Your employees receive an average of 4.8 phishing emails every week. Almost a third of these make it past default security systems, leaving your organisation in a permanently perilous situation.
There’s plenty of advice on how to spot phishing scams, but without any real-world examples that explain how they work, it can be easy to see the threat as purely theoretical.
That’s why we’ve decided to review phishing attacks in practice. Each month, we’ll look back at recent scams, explaining how they tricked people and what the organisations should have done to protect themselves.
So, for the first time, let’s take a look at the catches of the month:
Lancaster University students’ personal data stolen in phishing attack
Students and undergraduate applicants to Lancaster University had their personal details stolen in a pair of breaches that were disclosed on 22 July 2019.
The first incident was a relatively straightforward scam involving a bogus invoice. It’s not known exactly how the invoice led to the breach, only that the criminals managed to siphon off the names, addresses, telephone numbers and email addresses of students who had applied to study at the university in 2019 and 2020.
The second attack targeted the university itself, with criminal hackers accessing the student records system and the details of a “very small number” of current students.
Lancaster University didn’t disclose the details of this scam, but we’d wager that it involved spear phishing, in which fraudsters target a specific individual to lend credence to their attack.
In this case, the criminal hacker would have identified and targeted a university employee with access to the student record system using a compromised applicant’s account.
What’s the lesson?
Universities are a prime target for phishing scams, because they process vast amounts of personal data and often have insufficient cyber security measures.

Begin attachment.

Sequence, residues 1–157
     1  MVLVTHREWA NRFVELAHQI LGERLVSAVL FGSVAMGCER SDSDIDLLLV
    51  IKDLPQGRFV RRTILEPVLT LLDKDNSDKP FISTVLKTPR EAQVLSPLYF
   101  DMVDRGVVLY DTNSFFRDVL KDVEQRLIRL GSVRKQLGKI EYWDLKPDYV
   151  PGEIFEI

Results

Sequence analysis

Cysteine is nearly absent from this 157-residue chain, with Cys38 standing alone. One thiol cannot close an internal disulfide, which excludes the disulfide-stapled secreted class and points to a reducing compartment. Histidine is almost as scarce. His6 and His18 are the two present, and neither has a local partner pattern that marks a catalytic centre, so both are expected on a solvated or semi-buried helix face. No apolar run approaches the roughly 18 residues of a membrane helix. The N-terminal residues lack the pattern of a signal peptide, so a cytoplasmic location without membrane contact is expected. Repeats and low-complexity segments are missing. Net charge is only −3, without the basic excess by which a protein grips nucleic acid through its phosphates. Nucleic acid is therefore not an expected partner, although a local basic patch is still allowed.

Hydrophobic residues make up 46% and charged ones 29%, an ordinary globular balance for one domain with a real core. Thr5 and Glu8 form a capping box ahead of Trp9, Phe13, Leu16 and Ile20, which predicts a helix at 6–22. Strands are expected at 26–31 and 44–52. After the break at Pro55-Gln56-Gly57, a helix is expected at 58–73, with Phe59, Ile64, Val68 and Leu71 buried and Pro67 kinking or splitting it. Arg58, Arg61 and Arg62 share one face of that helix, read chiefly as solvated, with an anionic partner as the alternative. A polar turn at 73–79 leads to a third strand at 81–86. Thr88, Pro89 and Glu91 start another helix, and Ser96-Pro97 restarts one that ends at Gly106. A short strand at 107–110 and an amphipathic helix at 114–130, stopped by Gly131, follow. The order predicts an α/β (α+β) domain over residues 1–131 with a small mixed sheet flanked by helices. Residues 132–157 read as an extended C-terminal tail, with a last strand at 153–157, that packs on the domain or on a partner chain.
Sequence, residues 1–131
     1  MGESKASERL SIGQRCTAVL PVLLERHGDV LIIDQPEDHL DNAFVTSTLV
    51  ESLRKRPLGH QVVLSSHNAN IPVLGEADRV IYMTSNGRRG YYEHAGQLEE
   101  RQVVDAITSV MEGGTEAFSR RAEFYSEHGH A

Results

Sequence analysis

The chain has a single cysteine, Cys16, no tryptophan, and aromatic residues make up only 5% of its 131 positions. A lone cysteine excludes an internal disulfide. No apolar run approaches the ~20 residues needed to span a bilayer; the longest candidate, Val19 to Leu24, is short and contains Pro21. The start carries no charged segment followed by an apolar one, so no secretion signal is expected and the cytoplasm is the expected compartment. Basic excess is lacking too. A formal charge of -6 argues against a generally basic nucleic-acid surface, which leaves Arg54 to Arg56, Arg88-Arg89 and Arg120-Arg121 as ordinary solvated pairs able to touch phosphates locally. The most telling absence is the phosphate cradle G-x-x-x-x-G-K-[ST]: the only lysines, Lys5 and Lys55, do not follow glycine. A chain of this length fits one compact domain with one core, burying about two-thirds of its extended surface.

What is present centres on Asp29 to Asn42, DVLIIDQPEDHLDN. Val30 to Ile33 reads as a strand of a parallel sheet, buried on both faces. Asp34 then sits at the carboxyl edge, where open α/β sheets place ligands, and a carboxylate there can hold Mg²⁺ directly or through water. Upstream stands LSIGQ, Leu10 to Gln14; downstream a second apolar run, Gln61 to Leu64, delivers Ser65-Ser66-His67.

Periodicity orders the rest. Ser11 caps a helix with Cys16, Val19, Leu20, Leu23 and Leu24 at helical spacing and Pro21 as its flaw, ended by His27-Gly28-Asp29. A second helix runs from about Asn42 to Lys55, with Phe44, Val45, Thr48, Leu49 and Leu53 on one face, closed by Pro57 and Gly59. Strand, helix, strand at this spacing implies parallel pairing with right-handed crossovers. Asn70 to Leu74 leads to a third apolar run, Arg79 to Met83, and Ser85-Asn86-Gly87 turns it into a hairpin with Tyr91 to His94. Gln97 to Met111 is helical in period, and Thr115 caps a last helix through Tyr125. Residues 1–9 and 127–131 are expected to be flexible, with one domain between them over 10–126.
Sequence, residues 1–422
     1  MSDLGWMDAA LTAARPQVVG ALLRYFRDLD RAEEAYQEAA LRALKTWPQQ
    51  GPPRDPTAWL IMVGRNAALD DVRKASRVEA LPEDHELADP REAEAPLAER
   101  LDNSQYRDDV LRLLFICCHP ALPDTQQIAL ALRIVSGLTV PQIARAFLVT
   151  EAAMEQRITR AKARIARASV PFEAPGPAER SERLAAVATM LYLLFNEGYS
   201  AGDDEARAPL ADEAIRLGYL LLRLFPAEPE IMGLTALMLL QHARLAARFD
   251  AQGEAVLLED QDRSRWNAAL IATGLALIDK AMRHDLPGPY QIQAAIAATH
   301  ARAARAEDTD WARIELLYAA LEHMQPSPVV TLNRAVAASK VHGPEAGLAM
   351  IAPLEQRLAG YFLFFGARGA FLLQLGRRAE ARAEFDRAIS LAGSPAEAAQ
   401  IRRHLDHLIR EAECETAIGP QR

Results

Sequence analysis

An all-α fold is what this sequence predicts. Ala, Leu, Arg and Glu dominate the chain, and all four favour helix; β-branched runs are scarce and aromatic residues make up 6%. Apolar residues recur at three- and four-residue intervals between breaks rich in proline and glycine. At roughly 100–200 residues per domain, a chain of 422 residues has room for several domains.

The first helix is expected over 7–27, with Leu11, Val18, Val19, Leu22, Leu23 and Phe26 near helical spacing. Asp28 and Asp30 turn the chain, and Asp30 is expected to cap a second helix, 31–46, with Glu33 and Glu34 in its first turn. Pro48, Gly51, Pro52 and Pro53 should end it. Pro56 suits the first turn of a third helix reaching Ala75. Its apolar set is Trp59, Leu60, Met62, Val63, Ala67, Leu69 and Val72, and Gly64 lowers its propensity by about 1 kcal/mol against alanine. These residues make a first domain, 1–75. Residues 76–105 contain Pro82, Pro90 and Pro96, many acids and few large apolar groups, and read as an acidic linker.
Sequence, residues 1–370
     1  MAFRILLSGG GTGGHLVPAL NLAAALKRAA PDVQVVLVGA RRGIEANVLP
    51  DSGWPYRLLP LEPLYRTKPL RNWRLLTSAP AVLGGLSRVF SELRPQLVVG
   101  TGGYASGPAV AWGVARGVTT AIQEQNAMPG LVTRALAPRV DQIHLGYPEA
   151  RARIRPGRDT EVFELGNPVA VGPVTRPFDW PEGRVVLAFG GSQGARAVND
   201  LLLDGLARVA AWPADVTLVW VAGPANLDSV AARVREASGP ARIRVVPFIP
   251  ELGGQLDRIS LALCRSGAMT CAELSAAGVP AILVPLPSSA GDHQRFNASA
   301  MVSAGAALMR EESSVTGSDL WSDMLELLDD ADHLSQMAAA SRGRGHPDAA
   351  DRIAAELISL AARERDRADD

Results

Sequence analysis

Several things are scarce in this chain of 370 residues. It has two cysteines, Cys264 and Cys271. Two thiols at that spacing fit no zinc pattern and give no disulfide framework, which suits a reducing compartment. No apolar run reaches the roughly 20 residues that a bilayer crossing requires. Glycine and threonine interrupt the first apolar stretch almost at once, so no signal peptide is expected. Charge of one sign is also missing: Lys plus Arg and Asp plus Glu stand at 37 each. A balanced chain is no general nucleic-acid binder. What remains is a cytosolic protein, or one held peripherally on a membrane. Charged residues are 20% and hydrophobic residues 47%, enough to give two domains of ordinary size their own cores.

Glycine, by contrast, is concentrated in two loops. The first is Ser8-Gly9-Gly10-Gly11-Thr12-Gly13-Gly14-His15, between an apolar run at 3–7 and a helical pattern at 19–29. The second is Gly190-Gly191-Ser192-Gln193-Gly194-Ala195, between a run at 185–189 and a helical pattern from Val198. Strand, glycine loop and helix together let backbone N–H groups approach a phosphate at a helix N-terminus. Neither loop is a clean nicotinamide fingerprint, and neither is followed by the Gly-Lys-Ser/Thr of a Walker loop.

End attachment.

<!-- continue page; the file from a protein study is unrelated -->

A report by Jisc released earlier this year exposed just how poor UK universities’ cyber security defences are. The organisation hired ethical hackers to test the security systems of 50 universities, who compromised every institution in under two hours.
The breach at Lancaster University is just one instance of targeted attacks like this. The methods the fraudsters used are typical of phishing scams, so staff should have been able to spot the signs.
That they didn’t suggests the university doesn’t teach its staff how to identify phishing emails or that those lessons weren’t effective.
Hackers publish list of stolen Discord credentials
A few weeks ago, a group of criminal hackers published a list of about 2,500 email addresses and passwords that they had obtained from users of the gaming chat platform Discord.
The scams begins with a direct message from someone in the victim’s friend list or group chat, or someone on the same server.
The messages can take many forms. Twitter user @SplatterShah shared two examples:
In both examples, the messages contain what appears to be a legitimate Discord link but with one small difference. Discord uses “.gg” – the top-level domain for Guernsey, which is often used by game companies because it’s also a commonly used abbreviation for “good game”, a phrase used by players to concede defeat.
However, the scammers use the domain “.ga”, which looks similar but is the top-level domain for Gabon.
Those who click the link are directed to a facsimile of Discord’s login page, tricking users into providing their login details. Once you ‘log in’, a bot takes over your account and locks you out.